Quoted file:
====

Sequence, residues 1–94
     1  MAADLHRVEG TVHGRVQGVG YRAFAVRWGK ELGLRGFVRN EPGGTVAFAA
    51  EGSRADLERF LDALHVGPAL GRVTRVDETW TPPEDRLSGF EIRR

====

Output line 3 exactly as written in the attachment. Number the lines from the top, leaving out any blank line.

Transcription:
    51  EGSRADLERF LDALHVGPAL GRVTRVDETW TPPEDRLSGF EIRR